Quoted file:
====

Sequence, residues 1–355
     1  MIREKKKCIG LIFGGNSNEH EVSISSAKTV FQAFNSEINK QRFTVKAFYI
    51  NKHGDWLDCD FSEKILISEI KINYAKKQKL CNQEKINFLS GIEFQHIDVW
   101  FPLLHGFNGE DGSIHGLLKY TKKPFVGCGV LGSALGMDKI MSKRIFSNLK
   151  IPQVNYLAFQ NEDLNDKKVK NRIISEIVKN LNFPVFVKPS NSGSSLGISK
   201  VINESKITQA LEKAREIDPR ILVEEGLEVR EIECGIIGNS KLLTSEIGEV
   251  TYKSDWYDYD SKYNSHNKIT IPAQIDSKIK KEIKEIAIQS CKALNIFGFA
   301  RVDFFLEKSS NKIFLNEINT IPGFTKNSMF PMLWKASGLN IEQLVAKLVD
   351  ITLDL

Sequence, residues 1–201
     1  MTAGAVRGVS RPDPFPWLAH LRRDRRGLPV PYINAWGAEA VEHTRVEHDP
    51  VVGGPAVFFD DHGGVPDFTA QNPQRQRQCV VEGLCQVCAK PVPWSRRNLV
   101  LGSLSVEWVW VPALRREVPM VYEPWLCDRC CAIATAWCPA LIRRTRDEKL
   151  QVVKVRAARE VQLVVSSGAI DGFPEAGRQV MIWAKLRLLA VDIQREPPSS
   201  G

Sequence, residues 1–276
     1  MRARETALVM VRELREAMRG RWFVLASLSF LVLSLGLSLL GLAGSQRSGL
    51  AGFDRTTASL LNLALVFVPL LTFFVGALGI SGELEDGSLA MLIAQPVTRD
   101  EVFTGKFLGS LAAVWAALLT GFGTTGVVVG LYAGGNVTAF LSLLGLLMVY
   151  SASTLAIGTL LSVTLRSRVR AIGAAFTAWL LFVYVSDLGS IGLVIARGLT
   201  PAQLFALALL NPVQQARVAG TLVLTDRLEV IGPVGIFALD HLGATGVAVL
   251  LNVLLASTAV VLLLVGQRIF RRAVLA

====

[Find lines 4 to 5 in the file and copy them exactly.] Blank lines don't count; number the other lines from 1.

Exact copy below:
   101  FPLLHGFNGE DGSIHGLLKY TKKPFVGCGV LGSALGMDKI MSKRIFSNLK
   151  IPQVNYLAFQ NEDLNDKKVK NRIISEIVKN LNFPVFVKPS NSGSSLGISK